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The move is part of the company’s global effort to identify sustainable alternatives to its current single-use plastic straws.
The trial will also help McDonald’s reach its goal of making its guest packaging from entirely renewable, recycled or certified sources by 2025.
McDonald’s Australia Director of Supply Chain Robert Sexton said as one of the world’s largest restaurant businesses, the company has a responsibility and opportunity to make significant change.
“Together with the global business, we have been working for some time to find appropriate alternatives. We know plastic straws is a topic our customers are passionate about and we will find a viable solution,” he said.
Alongside the moves to eliminate plastic straws, McDonalds is also currently trialling cup recycling through a partnership with Simply Cups. The trial launched in April in eight restaurants and includes segmented dining room bins to separate liquids, plastics, paper cups and general waste.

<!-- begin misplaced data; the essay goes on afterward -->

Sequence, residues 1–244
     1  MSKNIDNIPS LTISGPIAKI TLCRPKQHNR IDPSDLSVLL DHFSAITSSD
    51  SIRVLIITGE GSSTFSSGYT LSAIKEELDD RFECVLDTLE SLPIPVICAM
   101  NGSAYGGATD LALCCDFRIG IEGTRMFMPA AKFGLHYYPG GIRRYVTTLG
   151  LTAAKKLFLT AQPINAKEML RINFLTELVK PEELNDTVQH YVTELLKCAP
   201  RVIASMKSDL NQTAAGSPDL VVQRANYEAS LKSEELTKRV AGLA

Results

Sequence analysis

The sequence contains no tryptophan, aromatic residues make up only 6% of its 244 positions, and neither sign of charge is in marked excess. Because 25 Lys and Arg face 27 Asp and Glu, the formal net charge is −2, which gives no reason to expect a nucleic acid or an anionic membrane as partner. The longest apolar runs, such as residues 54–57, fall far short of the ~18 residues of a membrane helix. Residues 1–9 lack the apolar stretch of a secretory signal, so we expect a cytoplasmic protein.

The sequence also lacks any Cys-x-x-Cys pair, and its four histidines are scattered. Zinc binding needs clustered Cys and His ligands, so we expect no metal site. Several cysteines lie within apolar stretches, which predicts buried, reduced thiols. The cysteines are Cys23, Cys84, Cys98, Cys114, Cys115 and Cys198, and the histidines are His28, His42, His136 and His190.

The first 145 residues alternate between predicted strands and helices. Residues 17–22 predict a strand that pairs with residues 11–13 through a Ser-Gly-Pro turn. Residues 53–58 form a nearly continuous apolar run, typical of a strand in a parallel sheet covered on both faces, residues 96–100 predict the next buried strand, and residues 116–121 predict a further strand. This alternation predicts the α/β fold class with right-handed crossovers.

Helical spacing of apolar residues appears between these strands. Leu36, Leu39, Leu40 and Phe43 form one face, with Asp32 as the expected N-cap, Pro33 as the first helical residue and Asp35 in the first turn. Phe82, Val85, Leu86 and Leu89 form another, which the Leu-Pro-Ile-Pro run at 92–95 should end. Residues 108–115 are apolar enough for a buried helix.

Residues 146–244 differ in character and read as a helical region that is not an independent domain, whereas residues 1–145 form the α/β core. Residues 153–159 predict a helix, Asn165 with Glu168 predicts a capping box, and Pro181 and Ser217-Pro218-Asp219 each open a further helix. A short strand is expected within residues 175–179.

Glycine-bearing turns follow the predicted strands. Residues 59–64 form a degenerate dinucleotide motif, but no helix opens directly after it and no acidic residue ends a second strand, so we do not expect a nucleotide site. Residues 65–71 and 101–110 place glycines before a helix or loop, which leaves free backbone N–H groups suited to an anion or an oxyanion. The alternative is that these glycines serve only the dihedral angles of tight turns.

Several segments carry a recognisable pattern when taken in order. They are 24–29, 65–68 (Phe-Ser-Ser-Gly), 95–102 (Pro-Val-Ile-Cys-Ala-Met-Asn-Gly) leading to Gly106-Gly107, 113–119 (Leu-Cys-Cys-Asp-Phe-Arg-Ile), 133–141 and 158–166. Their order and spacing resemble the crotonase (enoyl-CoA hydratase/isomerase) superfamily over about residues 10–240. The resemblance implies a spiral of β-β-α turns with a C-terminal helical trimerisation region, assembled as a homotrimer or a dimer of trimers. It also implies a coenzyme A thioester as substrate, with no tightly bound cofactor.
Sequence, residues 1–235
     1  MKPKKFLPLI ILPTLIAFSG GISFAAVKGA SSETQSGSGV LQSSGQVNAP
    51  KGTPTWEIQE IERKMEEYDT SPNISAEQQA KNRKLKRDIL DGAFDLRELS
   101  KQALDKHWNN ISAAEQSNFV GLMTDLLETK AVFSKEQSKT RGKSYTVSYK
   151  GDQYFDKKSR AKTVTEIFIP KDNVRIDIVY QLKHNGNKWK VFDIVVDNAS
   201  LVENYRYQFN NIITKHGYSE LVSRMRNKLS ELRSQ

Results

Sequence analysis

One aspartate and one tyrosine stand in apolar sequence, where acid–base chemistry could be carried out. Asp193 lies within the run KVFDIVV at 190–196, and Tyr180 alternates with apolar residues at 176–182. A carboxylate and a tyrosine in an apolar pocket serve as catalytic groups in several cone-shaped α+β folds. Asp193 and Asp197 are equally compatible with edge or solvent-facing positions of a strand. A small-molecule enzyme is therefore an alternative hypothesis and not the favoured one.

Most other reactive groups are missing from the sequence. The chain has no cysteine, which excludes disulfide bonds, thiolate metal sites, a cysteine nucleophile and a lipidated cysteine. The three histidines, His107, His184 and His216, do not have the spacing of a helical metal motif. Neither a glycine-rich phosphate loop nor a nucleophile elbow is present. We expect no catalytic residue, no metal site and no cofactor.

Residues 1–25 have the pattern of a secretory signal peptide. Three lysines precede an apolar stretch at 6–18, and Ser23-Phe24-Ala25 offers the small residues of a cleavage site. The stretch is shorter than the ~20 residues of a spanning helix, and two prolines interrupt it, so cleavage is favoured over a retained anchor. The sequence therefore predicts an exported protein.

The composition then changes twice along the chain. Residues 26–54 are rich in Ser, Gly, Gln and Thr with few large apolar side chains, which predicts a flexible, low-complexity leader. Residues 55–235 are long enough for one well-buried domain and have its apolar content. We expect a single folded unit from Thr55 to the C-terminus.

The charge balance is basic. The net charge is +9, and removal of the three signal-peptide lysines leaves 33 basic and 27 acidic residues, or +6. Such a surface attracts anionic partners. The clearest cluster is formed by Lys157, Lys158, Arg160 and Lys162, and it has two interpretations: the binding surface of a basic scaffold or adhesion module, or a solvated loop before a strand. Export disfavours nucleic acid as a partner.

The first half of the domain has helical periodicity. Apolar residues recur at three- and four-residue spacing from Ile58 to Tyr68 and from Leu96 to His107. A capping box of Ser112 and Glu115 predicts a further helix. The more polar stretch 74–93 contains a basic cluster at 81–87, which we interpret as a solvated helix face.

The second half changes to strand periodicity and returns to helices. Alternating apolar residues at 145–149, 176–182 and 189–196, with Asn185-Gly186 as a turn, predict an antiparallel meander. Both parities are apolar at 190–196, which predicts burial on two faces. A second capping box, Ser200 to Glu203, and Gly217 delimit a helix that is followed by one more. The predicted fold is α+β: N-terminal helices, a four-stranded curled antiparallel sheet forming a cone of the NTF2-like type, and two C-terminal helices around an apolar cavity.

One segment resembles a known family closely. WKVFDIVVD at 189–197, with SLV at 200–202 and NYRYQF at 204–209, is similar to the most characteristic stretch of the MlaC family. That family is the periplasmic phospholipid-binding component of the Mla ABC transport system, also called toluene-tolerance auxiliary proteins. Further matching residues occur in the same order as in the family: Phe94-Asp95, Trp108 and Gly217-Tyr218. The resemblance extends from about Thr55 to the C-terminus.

“Beverage cups are a unique concern when it comes to recycling through normal paper recycling facilities due to the inner plastic lining,” Mr Sexton said.
“By separating the cups through designated bins, we can ensure cups are diverted to the right facility to recycle this material. Our trials will provide useful learnings that will help to determine next steps for potential wider restaurant implementation.”
Since 2016, Leftover Lovers has been holding public workshops to educate Australian businesses on how to reduce their food waste.
Volvo Cars has announced that by 2025 at least 25 per cent of the plastics used in each new Volvo will be made from recycled material.
It has also urged the auto industry suppliers to work more closely with car makers to develop new sustainable components, especially when it comes to plastics.